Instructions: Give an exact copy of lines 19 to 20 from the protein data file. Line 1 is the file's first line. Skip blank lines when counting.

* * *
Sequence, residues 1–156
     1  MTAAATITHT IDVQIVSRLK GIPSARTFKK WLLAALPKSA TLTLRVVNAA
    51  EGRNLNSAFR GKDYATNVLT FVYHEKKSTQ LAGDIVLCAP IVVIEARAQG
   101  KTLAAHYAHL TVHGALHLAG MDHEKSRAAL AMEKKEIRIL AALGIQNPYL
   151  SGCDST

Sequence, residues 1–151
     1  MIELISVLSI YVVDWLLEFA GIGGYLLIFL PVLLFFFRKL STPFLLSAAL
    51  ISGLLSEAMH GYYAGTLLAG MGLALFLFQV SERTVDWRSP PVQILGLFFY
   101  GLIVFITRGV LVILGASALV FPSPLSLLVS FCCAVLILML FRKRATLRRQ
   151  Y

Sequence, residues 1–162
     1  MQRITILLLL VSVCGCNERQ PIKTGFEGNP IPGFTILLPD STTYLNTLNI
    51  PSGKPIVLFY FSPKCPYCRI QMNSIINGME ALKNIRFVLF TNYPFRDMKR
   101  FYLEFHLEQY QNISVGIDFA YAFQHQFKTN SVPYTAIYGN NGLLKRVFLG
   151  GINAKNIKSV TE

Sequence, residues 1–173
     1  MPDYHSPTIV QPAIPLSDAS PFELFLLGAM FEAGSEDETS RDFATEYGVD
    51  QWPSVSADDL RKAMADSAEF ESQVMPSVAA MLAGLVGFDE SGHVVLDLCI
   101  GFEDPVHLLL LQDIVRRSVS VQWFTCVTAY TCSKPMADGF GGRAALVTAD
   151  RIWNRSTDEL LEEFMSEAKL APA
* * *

   101  GFEDPVHLLL LQDIVRRSVS VQWFTCVTAY TCSKPMADGF GGRAALVTAD
   151  RIWNRSTDEL LEEFMSEAKL APA